fears about their children.
Poh Si Teng and Alan Schwarz

Companies even try to speak to youngsters directly. Shire — the longtime market
leader, with several A.D.H.D. medications including Adderall — recently subsidized
50,000 copies of a comic book that tries to demystify the disorder and uses
superheroes to tell children, “Medicines may make it easier to pay attention and
control your behavior!”
Profits for the A.D.H.D. drug industry have soared. Sales of stimulant medication in
2012 were nearly $9 billion, more than five times the $1.7 billion a decade before,
according to the data company IMS Health.
Even Roger Griggs, the pharmaceutical executive who introduced Adderall in 1994,
said he strongly opposes marketing stimulants to the general public because of their
dangers. He calls them “nuclear bombs,” warranted only under extreme
circumstances and when carefully overseen by a physician.
Psychiatric breakdown and suicidal thoughts are the most rare and extreme results of
stimulant addiction, but those horror stories are far outnumbered by people who,
seeking to study or work longer hours, cannot sleep for days, lose their appetite or
hallucinate. More can simply become habituated to the pills and feel they cannot cope
without them.
Tom Casola, the Shire vice president who oversees the A.D.H.D. division, said in an
interview that the company aims to provide effective treatment for those with the
disorder, and that ultimately doctors were responsible for proper evaluations and
prescriptions. He added that he understood some of the concerns voiced by the Food
and Drug Administration and others about aggressive ads, and said that materials
that run afoul of guidelines are replaced.
“Shire — and I think the vast majority of pharmaceutical companies — intend to

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market in a way that’s responsible and in a way that is compliant with the

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regulations,” Mr. Casola said. “Again, I like to think we come at it from a higher order.
We are dealing with patients’ health.”
A spokesman for Janssen Pharmaceuticals, which makes Concerta, said in an email,
“Over the years, we worked with clinicians, parents and advocacy groups to help
educate health care practitioners and caregivers about diagnosis and treatment of
A.D.H.D., including safe and effective use of medication.”
Now targeting adults, Shire and two patient advocacy groups have recruited
celebrities like the Maroon 5 musician Adam Levine for their marketing campaign,
“It’s Your A.D.H.D. – Own It.” Online quizzes sponsored by drug companies are
designed to encourage people to pursue treatment. A medical education video
sponsored by Shire portrays a physician making a diagnosis of the disorder in an
adult in a six-minute conversation, after which the doctor recommends medication.
Like most psychiatric conditions, A.D.H.D. has no definitive test, and most experts in
the field agree that its symptoms are open to interpretation by patients, parents and
doctors. The American Psychiatric Association, which receives significant financing
from drug companies, has gradually loosened the official criteria for the disorder to
include common childhood behavior like “makes careless mistakes” or “often has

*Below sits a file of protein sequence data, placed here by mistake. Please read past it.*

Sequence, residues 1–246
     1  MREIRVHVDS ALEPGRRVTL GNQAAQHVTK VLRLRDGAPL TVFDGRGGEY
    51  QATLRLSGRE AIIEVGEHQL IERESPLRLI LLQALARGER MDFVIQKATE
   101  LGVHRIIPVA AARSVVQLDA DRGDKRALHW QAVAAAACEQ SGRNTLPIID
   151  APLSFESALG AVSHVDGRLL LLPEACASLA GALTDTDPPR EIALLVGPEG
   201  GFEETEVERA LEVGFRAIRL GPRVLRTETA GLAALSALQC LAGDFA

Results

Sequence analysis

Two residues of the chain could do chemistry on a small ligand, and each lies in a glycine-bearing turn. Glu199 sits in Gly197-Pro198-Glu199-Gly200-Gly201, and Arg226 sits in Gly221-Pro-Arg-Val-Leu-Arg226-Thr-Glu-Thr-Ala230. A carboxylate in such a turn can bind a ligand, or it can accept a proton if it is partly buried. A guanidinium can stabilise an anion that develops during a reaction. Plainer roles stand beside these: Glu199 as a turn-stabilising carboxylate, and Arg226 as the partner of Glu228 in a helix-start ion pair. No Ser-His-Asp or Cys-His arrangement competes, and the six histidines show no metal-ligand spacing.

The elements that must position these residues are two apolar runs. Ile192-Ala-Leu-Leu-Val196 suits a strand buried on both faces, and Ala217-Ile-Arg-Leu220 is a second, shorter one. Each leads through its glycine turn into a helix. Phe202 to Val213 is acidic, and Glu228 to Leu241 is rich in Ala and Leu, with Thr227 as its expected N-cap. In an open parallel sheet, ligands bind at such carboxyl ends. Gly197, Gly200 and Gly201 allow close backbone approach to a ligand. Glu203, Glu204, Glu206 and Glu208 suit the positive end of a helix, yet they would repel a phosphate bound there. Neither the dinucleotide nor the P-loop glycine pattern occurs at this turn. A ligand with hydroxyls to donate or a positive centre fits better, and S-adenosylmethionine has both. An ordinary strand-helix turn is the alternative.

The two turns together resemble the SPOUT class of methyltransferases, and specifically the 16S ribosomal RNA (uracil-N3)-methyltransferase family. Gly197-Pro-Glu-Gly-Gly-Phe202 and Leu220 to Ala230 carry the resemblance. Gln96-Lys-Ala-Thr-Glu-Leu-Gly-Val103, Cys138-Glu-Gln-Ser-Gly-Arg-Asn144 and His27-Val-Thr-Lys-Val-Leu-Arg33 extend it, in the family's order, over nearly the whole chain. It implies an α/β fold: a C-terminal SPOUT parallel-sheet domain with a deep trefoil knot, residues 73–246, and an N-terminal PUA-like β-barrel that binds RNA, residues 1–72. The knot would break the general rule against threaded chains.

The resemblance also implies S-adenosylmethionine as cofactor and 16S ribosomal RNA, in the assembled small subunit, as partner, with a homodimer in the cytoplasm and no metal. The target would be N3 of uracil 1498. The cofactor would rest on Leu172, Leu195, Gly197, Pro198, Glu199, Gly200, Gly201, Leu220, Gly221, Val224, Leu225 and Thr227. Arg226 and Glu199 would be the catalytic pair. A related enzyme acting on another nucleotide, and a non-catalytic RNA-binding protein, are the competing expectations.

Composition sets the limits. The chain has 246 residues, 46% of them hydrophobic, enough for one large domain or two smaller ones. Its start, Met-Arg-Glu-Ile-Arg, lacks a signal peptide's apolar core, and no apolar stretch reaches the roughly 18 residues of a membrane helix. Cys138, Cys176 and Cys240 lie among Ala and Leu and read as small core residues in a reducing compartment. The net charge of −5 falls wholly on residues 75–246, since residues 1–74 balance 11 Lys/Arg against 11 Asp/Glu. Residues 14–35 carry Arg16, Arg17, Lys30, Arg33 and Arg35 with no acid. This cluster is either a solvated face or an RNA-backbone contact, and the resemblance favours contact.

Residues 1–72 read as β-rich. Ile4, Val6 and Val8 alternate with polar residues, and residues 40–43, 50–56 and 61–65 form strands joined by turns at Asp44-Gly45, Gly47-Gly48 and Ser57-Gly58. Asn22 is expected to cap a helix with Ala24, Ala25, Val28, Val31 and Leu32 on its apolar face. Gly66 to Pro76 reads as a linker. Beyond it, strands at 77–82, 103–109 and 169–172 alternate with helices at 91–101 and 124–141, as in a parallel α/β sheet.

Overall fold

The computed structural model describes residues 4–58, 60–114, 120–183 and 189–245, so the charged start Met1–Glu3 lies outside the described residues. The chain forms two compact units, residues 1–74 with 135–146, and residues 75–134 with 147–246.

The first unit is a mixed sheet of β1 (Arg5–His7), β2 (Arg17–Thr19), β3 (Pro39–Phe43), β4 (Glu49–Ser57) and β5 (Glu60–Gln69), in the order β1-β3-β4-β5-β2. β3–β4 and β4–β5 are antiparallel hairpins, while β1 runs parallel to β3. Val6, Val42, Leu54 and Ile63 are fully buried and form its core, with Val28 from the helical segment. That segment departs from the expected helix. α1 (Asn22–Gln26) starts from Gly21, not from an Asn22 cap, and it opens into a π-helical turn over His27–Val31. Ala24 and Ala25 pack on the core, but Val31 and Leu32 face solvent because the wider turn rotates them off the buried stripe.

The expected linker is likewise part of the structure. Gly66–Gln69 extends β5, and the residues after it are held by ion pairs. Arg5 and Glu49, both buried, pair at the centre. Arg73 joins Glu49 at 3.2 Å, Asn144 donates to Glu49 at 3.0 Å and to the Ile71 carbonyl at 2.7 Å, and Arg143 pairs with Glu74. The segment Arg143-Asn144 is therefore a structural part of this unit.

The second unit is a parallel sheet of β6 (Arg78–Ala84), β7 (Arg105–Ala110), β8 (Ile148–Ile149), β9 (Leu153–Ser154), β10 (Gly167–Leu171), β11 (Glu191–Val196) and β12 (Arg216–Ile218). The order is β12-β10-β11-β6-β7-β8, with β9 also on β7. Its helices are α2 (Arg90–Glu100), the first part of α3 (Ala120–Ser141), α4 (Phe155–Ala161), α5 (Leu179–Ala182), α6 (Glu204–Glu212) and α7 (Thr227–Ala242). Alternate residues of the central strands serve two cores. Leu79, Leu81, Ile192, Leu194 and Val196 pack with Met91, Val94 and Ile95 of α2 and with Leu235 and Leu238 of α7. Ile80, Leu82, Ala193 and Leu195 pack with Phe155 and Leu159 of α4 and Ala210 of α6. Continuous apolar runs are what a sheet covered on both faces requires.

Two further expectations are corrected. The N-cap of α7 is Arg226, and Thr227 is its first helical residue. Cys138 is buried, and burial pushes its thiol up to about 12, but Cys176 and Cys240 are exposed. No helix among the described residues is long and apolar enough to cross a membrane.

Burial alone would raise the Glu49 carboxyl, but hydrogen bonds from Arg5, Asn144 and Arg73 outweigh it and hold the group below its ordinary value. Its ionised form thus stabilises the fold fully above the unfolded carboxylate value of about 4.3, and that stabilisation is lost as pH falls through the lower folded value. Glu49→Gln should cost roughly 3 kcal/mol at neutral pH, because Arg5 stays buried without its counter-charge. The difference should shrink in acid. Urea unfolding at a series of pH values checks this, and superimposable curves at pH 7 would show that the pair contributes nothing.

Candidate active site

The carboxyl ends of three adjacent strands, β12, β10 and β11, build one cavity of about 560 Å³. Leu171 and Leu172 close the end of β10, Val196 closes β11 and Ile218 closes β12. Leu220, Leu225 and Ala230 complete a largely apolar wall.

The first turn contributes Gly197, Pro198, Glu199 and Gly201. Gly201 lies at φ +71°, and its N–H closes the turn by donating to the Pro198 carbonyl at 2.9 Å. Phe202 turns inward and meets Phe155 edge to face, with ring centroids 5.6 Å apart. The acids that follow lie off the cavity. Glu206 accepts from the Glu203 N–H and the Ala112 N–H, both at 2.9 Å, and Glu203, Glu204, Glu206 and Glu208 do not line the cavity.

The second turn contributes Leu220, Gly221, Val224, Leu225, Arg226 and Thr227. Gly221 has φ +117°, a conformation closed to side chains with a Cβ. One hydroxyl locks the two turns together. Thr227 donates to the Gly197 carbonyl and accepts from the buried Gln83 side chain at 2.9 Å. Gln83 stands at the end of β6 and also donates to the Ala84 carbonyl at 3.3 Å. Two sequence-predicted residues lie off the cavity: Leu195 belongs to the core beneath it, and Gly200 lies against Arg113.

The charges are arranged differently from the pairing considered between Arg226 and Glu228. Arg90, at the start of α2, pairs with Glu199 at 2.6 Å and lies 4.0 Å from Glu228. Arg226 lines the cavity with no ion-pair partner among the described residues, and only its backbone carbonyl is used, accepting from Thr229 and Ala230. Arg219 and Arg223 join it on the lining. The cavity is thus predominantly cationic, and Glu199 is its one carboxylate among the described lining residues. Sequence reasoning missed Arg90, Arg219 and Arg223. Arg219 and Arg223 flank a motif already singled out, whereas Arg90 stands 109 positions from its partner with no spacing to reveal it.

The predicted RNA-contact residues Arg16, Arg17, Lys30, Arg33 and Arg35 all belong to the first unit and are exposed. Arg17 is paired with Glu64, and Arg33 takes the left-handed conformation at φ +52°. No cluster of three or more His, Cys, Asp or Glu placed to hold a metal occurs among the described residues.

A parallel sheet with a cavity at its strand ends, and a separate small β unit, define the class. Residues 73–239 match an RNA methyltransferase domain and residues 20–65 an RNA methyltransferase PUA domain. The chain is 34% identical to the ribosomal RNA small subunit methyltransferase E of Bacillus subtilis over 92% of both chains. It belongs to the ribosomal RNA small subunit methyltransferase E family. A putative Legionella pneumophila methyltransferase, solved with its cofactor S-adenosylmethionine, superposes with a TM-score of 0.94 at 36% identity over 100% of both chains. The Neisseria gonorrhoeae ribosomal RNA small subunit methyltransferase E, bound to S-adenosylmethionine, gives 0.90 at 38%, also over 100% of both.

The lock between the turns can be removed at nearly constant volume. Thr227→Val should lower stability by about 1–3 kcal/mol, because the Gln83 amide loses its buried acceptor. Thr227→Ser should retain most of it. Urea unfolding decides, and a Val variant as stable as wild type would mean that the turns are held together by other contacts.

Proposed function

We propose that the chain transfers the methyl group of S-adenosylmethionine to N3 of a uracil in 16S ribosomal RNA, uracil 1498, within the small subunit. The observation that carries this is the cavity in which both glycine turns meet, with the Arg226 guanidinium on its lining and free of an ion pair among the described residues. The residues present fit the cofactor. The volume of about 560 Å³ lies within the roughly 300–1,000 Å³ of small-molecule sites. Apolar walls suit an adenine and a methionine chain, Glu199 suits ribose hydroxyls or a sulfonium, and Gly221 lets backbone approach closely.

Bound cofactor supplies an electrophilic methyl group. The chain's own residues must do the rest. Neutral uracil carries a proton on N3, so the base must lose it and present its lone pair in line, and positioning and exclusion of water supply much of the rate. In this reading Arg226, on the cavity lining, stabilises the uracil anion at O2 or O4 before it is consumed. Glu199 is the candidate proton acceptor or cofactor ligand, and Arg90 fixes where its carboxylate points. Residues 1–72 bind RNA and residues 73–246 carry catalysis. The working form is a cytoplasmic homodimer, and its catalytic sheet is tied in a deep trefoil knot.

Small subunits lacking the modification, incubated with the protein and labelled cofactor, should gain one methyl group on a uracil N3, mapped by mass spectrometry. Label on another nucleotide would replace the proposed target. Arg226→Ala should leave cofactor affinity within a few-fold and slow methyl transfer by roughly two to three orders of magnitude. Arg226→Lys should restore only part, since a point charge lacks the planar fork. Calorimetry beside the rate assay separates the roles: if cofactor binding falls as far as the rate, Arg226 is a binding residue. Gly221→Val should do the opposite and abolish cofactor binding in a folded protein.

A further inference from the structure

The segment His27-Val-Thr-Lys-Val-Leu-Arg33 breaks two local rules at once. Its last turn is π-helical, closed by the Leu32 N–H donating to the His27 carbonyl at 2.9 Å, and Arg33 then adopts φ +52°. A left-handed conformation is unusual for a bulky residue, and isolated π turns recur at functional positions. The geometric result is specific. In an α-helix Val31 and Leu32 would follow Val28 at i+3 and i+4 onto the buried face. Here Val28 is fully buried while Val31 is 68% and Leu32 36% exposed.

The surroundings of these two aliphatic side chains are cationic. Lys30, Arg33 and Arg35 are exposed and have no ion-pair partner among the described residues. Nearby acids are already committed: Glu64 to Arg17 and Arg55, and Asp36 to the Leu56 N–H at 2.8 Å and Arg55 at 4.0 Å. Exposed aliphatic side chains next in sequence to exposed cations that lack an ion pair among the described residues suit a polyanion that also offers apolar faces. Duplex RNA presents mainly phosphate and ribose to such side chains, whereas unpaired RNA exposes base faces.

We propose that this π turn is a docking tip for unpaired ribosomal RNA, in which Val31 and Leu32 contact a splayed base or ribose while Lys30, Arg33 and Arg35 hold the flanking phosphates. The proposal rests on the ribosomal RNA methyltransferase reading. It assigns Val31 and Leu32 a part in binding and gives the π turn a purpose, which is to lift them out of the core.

difficulty waiting his or her turn.”
The idea that a pill might ease troubles and tension has proved seductive to worried
parents, rushed doctors and others.
“Pharma pushed as far as they could, but you can’t just blame the virus,” said Dr.
Lawrence Diller, a behavioral pediatrician in Walnut Creek, Calif. “You have to have a
susceptible host for the epidemic to take hold. There’s something they know about us
that they utilize and exploit.”

Selling to Doctors
Modern marketing of stimulants began with the name Adderall itself. Mr. Griggs
bought a small pharmaceutical company that produced a weight-loss pill named
Obetrol. Suspecting that it might treat a relatively unappreciated condition then
called attention deficit disorder, and found in about 3 to 5 percent of children, he took
“A.D.D.” and fiddled with snappy suffixes. He cast a word with the widest net.
All.
For A.D.D.
A.D.D. for All.
Adderall.
“It was meant to be kind of an inclusive thing,” Mr. Griggs recalled.

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The Selling of Attention Deficit Disorder - NYTimes.com

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Adderall quickly established itself as a

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competitor of the field’s most popular
drug, Ritalin. Shire, realizing the drug’s
potential, bought Mr. Griggs’s company
for $186 million and spent millions
more to market the pill to doctors. After
all, patients can buy only what their
physicians buy into.
As is typical among pharmaceutical
companies, Shire gathered hundreds of
doctors at meetings at which a
physician paid by the company
explained a new drug’s value.

Roger Griggs, who introduced Adderall in 1994 before ads portraying medication as a
way to improve grades and behavior were allowed, said, “There’s no way on God’s
green earth we would ever promote” stimulants directly to consumers. Karsten Moran
for The New York Times

Such a meeting was held for Shire’s
long-acting version of Adderall,
Adderall XR, in April 2002, and included a presentation that to many critics,
exemplifies how questionable A.D.H.D. messages are delivered.
Dr. William W. Dodson, a psychiatrist from Denver, stood before 70 doctors at the